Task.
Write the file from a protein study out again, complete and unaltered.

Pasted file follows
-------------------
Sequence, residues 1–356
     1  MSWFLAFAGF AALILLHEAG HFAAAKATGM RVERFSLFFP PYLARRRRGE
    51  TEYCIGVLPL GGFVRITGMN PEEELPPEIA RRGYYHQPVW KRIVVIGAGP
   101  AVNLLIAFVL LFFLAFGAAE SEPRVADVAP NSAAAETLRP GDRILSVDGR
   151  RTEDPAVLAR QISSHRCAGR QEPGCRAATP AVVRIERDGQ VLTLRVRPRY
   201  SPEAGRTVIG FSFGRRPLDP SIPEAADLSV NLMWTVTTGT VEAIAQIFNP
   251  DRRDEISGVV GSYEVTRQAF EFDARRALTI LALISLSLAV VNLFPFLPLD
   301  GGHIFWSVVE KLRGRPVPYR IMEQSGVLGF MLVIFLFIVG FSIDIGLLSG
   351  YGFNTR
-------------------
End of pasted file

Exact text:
Sequence, residues 1–356
     1  MSWFLAFAGF AALILLHEAG HFAAAKATGM RVERFSLFFP PYLARRRRGE
    51  TEYCIGVLPL GGFVRITGMN PEEELPPEIA RRGYYHQPVW KRIVVIGAGP
   101  AVNLLIAFVL LFFLAFGAAE SEPRVADVAP NSAAAETLRP GDRILSVDGR
   151  RTEDPAVLAR QISSHRCAGR QEPGCRAATP AVVRIERDGQ VLTLRVRPRY
   201  SPEAGRTVIG FSFGRRPLDP SIPEAADLSV NLMWTVTTGT VEAIAQIFNP
   251  DRRDEISGVV GSYEVTRQAF EFDARRALTI LALISLSLAV VNLFPFLPLD
   301  GGHIFWSVVE KLRGRPVPYR IMEQSGVLGF MLVIFLFIVG FSIDIGLLSG
   351  YGFNTR